WSAW: Former Marshfield municipal court clerk charged with theft of court funds.
Marquette University Law School Faculty Blog: U.S. Supreme Court consideration of Wisconsin redistricting decision could have significant impact for Voting Rights Act.
If the U.S. Supreme Court rules in favor of GOP state lawmakers, the federal justices could allow so-called “race-neutral” redistricting nationwide, says Marquette Professor Atiba Ellis, who has written about the landmark 1965 civil rights law. Combined with previous high court decisions reducing the strength of other parts of the Voting Rights Act, such a ruling would amount to “erasing the efforts of Reconstruction” and going back to a time before the 15th Amendment to the U.S. Constitution extended voting rights to people of color, Ellis fears.
Slate: Democrats fail to capitalize on Ketanji Brown Jackson confirmation hearings.
Which leads us to the Democrats, who on Monday did an able job of noting that Jackson’s nomination is historic and that her family should be proud, but a dismal job of defining anything akin to a progressive legal philosophy. (Pro tip: “recognizing regular people” is no more a coherent judicial philosophy than is “originalism”). Democrats seem to have all but given up on the larger project of using these confirmation hearings to make any salient argument about the importance of the court, even in a midterm election year, and even in a midterm election year in which Democrats stand poised to lose the Senate, and even, somehow, in a midterm election year in which the Supreme Court looks ready to reverse Roe v Wade, has already reversed it in Texas, stands ready to allow guns in New York subways, and to dismantle the EPA.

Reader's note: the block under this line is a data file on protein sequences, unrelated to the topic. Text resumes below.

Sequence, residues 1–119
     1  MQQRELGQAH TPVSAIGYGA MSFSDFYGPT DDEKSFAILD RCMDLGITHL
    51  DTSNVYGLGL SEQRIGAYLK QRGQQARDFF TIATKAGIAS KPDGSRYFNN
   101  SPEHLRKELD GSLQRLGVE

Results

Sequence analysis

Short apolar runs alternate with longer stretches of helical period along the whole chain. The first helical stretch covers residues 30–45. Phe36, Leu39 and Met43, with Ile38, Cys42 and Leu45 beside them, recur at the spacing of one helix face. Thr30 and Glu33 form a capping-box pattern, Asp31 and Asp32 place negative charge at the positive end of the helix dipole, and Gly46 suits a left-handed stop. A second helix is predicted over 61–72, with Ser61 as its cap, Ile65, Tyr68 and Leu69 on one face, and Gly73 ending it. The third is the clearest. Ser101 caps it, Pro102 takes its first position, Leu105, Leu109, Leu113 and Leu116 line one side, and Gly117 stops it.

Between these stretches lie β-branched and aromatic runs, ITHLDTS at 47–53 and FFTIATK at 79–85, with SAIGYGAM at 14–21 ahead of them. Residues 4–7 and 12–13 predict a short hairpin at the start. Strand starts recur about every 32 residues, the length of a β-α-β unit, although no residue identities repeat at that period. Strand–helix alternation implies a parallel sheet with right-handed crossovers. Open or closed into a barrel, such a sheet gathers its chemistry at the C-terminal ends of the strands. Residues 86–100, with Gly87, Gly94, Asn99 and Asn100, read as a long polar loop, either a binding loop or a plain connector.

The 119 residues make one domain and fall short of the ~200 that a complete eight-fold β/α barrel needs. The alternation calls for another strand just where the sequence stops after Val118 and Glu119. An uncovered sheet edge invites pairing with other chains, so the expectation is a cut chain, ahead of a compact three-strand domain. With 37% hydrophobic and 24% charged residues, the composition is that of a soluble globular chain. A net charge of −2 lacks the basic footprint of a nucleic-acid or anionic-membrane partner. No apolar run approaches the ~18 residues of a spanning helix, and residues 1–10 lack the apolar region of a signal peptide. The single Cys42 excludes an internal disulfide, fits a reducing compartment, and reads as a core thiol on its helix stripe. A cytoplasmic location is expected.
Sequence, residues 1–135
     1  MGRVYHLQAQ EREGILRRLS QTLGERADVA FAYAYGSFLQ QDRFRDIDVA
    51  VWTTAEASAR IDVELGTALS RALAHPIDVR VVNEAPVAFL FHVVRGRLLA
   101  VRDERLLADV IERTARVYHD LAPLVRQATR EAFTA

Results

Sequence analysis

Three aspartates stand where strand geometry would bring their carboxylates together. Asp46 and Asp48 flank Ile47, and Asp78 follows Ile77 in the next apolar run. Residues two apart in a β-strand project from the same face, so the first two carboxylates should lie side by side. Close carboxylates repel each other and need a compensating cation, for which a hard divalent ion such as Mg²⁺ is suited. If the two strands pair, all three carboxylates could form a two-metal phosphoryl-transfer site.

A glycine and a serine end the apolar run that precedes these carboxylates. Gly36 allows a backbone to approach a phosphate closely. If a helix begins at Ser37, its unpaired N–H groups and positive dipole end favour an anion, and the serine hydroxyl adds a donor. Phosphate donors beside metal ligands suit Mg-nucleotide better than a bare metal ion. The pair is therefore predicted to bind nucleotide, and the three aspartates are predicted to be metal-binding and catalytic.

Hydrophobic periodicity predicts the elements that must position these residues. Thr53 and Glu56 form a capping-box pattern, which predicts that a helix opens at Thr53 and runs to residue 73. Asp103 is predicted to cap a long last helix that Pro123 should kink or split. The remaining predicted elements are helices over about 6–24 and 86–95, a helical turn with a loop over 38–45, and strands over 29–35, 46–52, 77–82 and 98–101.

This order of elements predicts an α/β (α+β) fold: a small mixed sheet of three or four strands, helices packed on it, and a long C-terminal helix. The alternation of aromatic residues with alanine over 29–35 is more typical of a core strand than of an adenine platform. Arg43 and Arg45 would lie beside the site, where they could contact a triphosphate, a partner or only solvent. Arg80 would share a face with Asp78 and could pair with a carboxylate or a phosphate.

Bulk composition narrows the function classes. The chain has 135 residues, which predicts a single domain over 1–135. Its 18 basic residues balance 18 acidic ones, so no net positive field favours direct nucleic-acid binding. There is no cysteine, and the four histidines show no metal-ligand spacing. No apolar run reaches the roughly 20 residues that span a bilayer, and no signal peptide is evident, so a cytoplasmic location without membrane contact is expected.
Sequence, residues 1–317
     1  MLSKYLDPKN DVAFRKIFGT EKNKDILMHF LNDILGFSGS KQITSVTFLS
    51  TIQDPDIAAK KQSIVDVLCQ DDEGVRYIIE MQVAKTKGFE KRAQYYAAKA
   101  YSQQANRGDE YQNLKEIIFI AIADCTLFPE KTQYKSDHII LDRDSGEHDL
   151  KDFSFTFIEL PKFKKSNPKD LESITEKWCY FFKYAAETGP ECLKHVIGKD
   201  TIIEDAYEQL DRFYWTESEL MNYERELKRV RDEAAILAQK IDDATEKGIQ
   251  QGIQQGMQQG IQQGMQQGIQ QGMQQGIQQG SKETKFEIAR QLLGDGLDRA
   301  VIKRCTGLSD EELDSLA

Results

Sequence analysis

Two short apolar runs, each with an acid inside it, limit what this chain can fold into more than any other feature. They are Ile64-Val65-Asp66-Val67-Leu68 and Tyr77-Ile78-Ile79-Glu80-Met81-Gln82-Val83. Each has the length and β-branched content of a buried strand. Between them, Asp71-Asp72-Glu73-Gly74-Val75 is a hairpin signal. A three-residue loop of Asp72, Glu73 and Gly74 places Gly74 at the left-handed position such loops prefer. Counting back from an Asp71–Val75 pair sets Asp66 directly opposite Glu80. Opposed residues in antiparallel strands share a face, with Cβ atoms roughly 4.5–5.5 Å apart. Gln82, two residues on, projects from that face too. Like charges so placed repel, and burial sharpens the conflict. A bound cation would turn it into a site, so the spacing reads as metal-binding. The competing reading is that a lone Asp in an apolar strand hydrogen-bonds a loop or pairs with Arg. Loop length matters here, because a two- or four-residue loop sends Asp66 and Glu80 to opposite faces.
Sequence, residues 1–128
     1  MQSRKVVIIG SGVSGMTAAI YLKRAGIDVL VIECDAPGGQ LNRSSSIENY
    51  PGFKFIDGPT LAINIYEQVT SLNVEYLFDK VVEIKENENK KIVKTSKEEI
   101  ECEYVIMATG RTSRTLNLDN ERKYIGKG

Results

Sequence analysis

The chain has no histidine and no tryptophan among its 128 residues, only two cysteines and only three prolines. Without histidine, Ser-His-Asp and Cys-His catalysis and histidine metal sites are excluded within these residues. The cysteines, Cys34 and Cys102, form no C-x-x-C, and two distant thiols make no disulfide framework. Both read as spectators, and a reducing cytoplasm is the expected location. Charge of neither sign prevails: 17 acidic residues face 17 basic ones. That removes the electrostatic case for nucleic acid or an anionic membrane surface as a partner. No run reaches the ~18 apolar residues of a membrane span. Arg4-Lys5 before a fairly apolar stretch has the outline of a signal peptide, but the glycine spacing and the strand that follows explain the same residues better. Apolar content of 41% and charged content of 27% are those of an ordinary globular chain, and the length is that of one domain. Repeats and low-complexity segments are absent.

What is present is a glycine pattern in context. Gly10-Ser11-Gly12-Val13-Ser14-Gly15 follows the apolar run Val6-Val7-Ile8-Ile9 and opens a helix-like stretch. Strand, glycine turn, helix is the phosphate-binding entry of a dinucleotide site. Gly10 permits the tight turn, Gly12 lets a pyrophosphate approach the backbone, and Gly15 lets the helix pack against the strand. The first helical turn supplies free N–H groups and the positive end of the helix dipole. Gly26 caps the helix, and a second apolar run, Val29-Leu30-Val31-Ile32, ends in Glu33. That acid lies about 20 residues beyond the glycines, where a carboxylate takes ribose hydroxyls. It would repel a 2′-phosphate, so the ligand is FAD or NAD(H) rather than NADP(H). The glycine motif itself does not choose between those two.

NC Health News: The correlation between reading disabilities and incarceration.
Throughout her career, (Youth Justice Clinic Director Barbara) Fedders has seen how reading disability and incarceration are intertwined. It doesn’t end in the juvenile justice system either — a study from 2000 of incarcerated people in Texas prisons found that approximately 80 percent of Texas prisoners were functionally illiterate.
Perpetually behind in their reading, these children experience frustration and embarrassment at being left behind. They act out, either out of frustration or because they’re trying to deflect people from finding out their secret. As they move from one grade to another, they fall further behind, falling through the cracks in the education system, and all too frequently ending up in the juvenile justice system. By the time they meet Fedders, they’ve spent years in school without learning anything because they can’t read, and they’re angry.
Reuters: Sports bettors lose appeal in case claiming damages due to baseball's sign-stealing scandal.
"This action is nothing more than claims brought by disgruntled fantasy sports participants, unhappy with the effect that cheating in MLB games may have had on their level of success in fantasy sports contests," Circuit Judge Joseph Bianco wrote for a three-judge panel.
He said a contrary ruling in the proposed class action could open the door for unhappy bettors and ticketholders to sue whenever off-field surprises affect game outcomes.
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